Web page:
Through its more than half a million items, the IDHH provides invaluable glimpses into the history of the state of Illinois and the people that have lived here. However, all too often we do not know the viewpoint from behind the camera, the eye behind the lens. To better appreciate those capturing history with the snap of a camera shutter, the IDHH is featuring the Eddie Winfred “Doc” Helm Photograph Collection at the Illinois State Archives. Born in Mount Vernon, Illinois in 1911, Eddie Winfred Helm showed an interest in photography while still young, earning the nickname of “Doc” due to an early job delivering prescriptions for a local pharmacy. In 1934, Helm moved to Springfield to begin working with the Illinois Secretary of State’s office. One of a few African-Americans working in the Capitol complex at that time, he initially performed a variety of duties for the Office, including that of putting the state flag on top of the Capitol Building each day without a harness or other protective gear.
During his first decade in Springfield, Helm held various positions within the Capitol Building, coming in time to microfilm documents for the Illinois State Library in the early 1940s. The Library contained a photo lab, where Helm began to develop personal film there on his lunch breaks, and Helm’s photographic talents caught the notice of the Head Librarian in 1944. This attention resulted in Helm’s appointment as the Official State Photographer in February 1944. Until his retirement in 1992, Helm photographed all manner of state events featuring dignitaries, celebrities, and everyday citizens alike. In his capacity as Official State Photographer, Helm possessed a proximity to the workings of government that few people of color had in the mid-20th century. As a Black American in a largely white space, Eddie Winfred “Doc” Helm captured not only the official history of the state of Illinois but of Springfield as well as he bore witness to the integration of the city and the Civil Rights struggles of the era.
Below are a few of our favorite Eddie Winfred “Doc” Helm photographs taken at Illinois State Fairs over the years:
As temperatures warm and days get ever longer, the sounds of bees buzzing past and birds chirping in the trees indicate not only the arrival of summer, but also the height of the plant pollination period. June 1st marked the beginning of National Pollinators Month, recognizing these creatures and the crucial role they play in the larger system of plant reproduction and proliferation. Pollinators come in all shapes and sizes, encompassing such diverse animals as insects, birds, and even some mammals. These animals travel from one flower or plant to another, carrying pollen as they go, and fertilizing flora with each new plant they visit. The symbiotic dynamic between these plants and pollinators is vital to both groups, as pollinators eat the pollen or nectar for its nutritional content, while the plants rely on the pollinators to spread their pollen, aiding in reproduction.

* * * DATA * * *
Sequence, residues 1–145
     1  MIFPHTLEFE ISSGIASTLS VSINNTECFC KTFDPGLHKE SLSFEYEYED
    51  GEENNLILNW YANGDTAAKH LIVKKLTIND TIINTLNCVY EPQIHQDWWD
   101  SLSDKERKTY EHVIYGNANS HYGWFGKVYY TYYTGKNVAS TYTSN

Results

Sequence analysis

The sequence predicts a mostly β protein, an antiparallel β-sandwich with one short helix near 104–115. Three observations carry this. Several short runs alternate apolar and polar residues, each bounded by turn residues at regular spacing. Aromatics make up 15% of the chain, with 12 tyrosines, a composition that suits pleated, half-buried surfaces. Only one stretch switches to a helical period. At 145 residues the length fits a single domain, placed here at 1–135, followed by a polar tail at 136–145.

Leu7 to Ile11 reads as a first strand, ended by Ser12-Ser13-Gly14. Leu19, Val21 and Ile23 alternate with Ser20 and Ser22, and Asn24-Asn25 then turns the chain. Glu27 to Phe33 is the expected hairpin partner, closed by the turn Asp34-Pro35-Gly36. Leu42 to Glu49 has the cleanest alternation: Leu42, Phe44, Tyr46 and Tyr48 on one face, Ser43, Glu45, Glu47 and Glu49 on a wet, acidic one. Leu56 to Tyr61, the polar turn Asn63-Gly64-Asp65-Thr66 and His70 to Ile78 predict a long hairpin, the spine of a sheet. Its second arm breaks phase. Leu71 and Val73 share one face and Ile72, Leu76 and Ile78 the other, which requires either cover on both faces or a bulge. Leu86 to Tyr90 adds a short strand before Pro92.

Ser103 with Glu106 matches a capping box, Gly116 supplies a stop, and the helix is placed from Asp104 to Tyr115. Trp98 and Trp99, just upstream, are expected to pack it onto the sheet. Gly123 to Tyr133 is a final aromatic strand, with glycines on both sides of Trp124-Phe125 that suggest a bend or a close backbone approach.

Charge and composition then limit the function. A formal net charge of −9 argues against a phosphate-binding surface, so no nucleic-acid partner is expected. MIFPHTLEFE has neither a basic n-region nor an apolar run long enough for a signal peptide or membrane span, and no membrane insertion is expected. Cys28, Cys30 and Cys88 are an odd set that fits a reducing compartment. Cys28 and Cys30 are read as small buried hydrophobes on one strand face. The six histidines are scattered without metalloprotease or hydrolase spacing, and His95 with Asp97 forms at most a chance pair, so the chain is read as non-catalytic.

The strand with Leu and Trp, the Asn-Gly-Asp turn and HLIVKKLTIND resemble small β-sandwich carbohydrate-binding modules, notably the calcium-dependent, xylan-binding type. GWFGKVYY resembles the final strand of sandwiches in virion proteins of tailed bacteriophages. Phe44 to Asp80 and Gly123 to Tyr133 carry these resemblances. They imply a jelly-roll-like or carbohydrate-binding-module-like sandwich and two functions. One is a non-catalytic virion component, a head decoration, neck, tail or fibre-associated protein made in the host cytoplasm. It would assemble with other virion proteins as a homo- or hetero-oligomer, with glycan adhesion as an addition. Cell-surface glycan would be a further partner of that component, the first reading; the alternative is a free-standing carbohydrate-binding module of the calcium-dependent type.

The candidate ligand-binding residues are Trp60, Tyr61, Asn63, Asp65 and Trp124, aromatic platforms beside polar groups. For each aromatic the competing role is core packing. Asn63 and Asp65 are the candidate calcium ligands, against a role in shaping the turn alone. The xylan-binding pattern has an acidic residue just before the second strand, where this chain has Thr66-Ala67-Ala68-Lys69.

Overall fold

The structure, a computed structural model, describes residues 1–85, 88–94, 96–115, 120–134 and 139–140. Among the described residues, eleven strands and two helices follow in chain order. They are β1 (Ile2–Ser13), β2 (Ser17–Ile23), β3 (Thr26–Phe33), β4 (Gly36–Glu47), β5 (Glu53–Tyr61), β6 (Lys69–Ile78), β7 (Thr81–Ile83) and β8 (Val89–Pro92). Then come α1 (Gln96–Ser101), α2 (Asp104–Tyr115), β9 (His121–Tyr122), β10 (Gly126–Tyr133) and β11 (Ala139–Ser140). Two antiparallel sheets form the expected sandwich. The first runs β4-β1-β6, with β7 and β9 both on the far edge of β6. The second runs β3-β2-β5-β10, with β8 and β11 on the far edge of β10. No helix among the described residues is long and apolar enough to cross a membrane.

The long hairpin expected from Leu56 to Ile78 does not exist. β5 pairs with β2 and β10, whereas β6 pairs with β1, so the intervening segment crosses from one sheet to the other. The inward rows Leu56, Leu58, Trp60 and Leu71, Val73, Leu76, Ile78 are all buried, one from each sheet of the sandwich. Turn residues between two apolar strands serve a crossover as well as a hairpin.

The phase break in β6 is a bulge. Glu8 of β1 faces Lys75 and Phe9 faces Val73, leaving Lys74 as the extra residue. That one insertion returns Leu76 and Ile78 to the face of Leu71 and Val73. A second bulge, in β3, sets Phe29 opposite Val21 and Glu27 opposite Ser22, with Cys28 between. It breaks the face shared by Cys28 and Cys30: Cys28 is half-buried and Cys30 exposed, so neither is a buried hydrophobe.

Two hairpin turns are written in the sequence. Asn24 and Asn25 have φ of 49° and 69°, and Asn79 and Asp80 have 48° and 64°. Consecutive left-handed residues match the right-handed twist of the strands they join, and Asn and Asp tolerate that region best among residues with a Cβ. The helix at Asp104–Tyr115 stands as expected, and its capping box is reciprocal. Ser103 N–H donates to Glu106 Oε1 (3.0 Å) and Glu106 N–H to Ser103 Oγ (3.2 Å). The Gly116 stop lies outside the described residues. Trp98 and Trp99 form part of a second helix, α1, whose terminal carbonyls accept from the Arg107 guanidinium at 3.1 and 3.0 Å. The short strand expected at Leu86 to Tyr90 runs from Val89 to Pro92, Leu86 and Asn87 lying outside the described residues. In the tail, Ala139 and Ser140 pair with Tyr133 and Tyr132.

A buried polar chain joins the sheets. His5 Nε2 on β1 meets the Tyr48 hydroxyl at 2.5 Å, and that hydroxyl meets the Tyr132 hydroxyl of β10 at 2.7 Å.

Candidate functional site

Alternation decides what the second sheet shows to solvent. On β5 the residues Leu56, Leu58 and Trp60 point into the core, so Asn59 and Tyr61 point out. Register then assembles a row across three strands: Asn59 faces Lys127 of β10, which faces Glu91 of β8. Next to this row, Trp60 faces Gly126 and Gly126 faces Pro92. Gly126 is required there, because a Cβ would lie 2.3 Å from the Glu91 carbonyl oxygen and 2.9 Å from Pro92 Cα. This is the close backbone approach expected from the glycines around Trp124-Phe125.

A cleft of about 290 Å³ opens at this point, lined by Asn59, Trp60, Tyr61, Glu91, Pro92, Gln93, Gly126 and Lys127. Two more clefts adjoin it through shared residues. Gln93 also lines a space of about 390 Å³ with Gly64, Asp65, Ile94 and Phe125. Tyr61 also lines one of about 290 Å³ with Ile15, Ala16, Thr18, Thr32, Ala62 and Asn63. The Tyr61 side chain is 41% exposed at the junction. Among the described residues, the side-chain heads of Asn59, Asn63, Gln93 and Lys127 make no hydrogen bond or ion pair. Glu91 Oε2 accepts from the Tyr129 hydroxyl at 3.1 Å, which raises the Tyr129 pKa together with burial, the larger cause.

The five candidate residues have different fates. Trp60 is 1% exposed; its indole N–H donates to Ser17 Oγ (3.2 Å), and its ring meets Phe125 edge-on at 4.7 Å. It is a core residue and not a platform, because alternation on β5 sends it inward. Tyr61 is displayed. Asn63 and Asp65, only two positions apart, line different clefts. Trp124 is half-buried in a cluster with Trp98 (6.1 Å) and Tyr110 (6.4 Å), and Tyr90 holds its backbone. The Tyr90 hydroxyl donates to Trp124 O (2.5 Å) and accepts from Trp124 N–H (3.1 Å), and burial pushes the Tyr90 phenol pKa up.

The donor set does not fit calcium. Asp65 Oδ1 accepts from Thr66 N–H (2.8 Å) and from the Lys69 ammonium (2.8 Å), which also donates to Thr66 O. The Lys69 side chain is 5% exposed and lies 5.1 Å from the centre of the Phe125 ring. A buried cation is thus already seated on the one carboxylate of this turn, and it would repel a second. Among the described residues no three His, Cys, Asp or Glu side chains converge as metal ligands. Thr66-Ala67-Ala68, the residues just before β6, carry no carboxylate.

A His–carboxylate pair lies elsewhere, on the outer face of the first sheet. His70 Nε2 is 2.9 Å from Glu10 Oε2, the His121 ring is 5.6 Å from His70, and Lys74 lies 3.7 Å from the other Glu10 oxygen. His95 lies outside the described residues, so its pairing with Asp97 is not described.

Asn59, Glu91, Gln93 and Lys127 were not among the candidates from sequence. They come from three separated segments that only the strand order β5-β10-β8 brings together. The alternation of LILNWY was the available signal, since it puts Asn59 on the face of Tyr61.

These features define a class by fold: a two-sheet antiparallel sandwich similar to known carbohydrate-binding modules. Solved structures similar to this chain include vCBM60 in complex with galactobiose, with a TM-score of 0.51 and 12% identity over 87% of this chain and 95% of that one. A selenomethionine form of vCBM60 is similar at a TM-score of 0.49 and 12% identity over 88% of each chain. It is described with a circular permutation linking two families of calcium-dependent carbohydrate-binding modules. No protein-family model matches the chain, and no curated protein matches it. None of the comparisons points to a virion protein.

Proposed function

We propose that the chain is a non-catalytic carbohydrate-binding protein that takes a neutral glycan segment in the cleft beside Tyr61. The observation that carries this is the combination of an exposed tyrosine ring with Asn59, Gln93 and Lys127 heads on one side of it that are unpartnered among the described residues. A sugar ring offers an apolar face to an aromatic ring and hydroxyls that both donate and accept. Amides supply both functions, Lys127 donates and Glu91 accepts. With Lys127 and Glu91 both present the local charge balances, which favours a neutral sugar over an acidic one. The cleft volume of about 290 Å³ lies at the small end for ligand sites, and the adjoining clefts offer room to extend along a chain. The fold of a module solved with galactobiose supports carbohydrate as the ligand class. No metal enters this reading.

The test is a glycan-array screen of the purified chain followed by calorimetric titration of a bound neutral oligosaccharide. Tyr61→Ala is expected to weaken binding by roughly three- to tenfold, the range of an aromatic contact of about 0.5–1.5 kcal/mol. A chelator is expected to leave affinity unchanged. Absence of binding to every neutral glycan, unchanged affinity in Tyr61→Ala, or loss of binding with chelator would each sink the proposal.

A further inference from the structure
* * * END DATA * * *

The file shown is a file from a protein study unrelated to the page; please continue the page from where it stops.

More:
The importance of this intricate process and the players within it has captivated human populations for centuries as butterflies, hummingbirds, and other pollinators have been ascribed cultural significance and symbolism in various communities around the world. Such cultural significance persists today as we create entertainment like The Bee Movie that foregrounds pollinators, hold events such as the Aurora Pollinator Festival that highlight the role of pollinators, and design outdoor environments that offer ideal conditions for these animals. Indeed, as our climate changes there is a greater need than ever to create pollinator-friendly landscapes using pollinator-friendly practices. By providing habitats conducive to pollinator animals, we can simultaneously safeguard this essential process and beautify the natural world around us.
Below are a few of our favorite items featuring one of the most popular pollinators – the honey bee:
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Visit the IDHH to view even more items related to bees.